Hospitals and health systems are constantly challenged to maintain a strong revenue cycle amid fluctuating industry dynamics. Leaders must remain vigilant, looking for ways to speed cash flow, reduce the cost-to-collect, maintain regulatory compliance and respond to new and emerging payment models. The increasing use of technology, along with rising consumerism and shrinking margins, are also factors organizations must deal with as they aim to improve and sustain performance.
To learn more about revenue cycle challenges and how hospitals and health systems are addressing them, the Healthcare Financial Management Association (HFMA) surveyed 108 hospital and health system CFOs and revenue cycle management (RCM) executives. The survey took place across two weeks in September, with some of the questions revisiting topics from previous studies conducted in 2018 and 2017. This HFMA Research Highlight, sponsored by Navigant, discusses key takeaways.
EHR adoption hurdles still outweigh the benefits
Although many in the industry believed that electronic health records (EHRs) and their revenue cycle management components would streamline operations, this technology has not fully delivered, particularly regarding revenue cycle performance. The majority (62%) of healthcare executives surveyed suggest that EHR adoption challenges have been equal to or outweigh the benefits specific to their organizations’ revenue cycle performance — up from 56% in 2018. More hospital-based and small hospital executives have this perspective versus health system and large hospital executives.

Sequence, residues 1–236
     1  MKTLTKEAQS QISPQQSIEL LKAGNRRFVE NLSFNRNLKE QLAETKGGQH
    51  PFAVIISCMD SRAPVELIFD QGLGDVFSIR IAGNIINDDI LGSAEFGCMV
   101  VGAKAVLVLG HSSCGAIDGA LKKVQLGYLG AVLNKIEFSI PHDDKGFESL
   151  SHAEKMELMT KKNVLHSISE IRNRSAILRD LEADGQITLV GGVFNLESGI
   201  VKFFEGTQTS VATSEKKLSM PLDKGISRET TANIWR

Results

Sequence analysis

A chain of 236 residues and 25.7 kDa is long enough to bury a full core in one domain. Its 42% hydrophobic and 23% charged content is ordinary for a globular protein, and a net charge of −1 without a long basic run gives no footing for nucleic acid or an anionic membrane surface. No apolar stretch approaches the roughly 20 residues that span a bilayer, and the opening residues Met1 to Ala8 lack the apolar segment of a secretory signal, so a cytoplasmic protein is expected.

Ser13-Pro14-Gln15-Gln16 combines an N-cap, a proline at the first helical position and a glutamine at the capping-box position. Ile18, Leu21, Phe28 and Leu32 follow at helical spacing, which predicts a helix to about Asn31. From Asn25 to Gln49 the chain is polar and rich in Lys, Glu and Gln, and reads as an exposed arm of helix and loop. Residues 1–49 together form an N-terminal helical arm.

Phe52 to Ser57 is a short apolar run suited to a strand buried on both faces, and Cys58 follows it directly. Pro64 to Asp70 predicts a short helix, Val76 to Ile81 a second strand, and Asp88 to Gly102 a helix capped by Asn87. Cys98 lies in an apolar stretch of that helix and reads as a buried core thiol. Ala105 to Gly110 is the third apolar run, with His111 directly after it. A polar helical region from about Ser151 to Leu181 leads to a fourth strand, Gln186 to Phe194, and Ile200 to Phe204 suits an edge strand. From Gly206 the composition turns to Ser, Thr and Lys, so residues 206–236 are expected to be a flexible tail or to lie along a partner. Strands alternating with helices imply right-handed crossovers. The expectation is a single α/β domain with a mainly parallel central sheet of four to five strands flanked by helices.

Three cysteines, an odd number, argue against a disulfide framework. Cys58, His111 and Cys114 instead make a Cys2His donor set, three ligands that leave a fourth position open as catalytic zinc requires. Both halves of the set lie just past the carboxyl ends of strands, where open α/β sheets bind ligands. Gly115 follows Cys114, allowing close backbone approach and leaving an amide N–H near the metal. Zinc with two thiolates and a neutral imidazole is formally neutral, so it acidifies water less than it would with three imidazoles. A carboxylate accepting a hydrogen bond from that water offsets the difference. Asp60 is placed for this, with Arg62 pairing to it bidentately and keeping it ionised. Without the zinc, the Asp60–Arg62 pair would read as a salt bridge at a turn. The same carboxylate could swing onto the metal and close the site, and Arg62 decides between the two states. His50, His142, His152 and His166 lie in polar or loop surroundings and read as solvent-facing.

Part of the problem organizations are having with their EHRs is that they struggle to keep up with upgrades or they underutilize available functions. More than half of providers (56%) indicate their organizations wrestle with these issues.
“Given the wide range of priorities healthcare organizations face, keeping on top of EHR upgrades and taking advantage of new functionalities can be a tall order, especially if these tools require staffing resources from already overstretched IT and revenue cycle departments to keep current,” says Chad Mulvany, director of healthcare finance policy, strategy and development for HFMA. “It can be hard to justify the disruption that comes with an EHR upgrade or optimization effort if an organization doesn’t immediately see the benefits of improved accuracy and efficiency translating into increased cash yield from revenue cycle operations.”
Consumer self-pay remains a concern
As the amount of revenue tied to patient payment continues to grow, concerns around self-pay persist, with 85% of executives believing consumer self-pay will affect their organizations, up from 81% in 2018. Executives from large hospitals seem especially concerned as 100% of those surveyed predict moderate to significant consumer self-pay impact.
Amid these dynamics, organizations are pursuing several strategies to better engage consumers on healthcare costs. Executives state their organizations are offering comprehensive financial counseling and payment plans (40%) and online portals for price estimates and payment (32%).